Ten years ago, George Clooney starred in and directed the most socially significant film he’s ever done. Good Night and Good Luck was about the famous journalist Edward R. Murrow and his confrontation with Senator Joe McCarthy, the demagogue who ruined lives and careers by recklessly accusing people of being Communists.
The film is really about a lot of things – courage and values and the role of journalism. I often show it to classes. And if you know the film, you may remember that early on, Murrow turns to his producer, Fred Friendly.
“Ever spent any time in Detroit, Fred?”
he asks. There was a young man, not in Detroit, but Ann Arbor, named Milo Radulovich, a student trying to earn a degree in physics to become a meteorologist. He had served with distinction in World War II, and had a top secret clearance. But one day there was a knock at the door.
It was two Air Force officers. Milo was to be kicked out of the service, which meant he’d lose his benefits and have a stigma over his name. No, he had done nothing wrong. But his immigrant Serbian father subscribed to a newspaper from his old village, by then in a Communist country, and his older sister Margaret was seen as a left-wing radical.
She had picketed a big Detroit hotel for being unwilling to provide a room for the famous black singer Paul Robeson, and thought Communists deserved justice too.
George Clooney’s film features a brief except from Murrow’s interview with Margaret, then a stunning young woman pregnant with her first child.
She talked about what it meant to be an American. “Since when can a man be judged because of the alleged activities of a member of his family?” she asked, calling that a “fantastic” and disturbing trend.
Milo Radulovich was vindicated by Murrow’s show about him, though his career forever suffered and the stress meant he never finished his degree. One day last weekend I took lunch to his sister Margaret, who will be ninety soon, and her two surviving brothers.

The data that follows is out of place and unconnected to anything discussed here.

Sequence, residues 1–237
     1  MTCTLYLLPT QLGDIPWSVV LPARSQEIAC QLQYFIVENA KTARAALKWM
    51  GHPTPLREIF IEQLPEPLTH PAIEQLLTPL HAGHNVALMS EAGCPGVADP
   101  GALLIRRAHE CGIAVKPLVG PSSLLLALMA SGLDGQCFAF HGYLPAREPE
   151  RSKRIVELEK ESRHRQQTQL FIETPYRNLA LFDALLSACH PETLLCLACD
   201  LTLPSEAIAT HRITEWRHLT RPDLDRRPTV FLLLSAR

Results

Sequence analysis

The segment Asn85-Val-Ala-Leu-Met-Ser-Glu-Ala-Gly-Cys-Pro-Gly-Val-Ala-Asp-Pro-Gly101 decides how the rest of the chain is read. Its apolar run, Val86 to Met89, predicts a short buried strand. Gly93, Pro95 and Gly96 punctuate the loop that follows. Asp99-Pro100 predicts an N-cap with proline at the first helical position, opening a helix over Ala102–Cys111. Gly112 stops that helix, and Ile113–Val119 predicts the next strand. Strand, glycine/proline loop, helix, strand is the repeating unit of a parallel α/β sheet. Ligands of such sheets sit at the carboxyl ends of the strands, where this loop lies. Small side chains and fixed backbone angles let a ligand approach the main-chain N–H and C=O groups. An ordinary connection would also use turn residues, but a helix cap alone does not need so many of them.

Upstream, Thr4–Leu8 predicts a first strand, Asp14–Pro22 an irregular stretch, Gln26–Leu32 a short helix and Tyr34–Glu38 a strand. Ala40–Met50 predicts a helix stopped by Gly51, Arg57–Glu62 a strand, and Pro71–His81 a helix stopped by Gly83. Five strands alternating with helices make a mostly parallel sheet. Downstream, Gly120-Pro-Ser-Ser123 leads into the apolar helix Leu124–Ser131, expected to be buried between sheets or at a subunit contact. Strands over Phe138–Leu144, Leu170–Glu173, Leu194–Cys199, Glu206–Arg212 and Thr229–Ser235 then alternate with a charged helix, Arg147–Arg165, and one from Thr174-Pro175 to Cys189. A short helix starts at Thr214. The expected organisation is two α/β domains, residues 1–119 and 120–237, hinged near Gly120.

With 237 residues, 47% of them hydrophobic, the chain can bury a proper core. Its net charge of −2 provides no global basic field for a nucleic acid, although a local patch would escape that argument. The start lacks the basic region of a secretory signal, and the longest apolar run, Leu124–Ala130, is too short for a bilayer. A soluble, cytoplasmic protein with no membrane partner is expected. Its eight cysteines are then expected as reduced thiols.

I went with Mike Ranville, a retired lobbyist who eighteen years ago wrote a superb book about the case, To Strike at a King. Murrow died half a century ago. Milo died eight years ago, just before the U of M finally posthumously awarded him his physics degree. Margaret is in a wheelchair now. The last few years have been hard.
First Milo died, then the daughter she was carrying at the time of the show, then her athletic and trim husband Al felled by a sudden heart attack. But she still comes alive when we mention “the case,” which is how her family always referred to it, and can put her hands on her copy of the famous early TV show.
She is no longer active in politics. But she is proud of what her brother did, and of her parents, who came here from Serbia, and aware enough that when someone mentioned Donald Trump, she made a face. Not a nice face.
And I knew her well enough years ago that I’m pretty sure what she’d say about today’s climate of fear. She’d tell me,
“well, you know, we’ve seen this all before.”
Jack Lessenberry is Michigan Radio's political analyst. Views expressed in his essays are his own and do not necessarily reflect those of Michigan Radio, its management or the station licensee, The University of Michigan.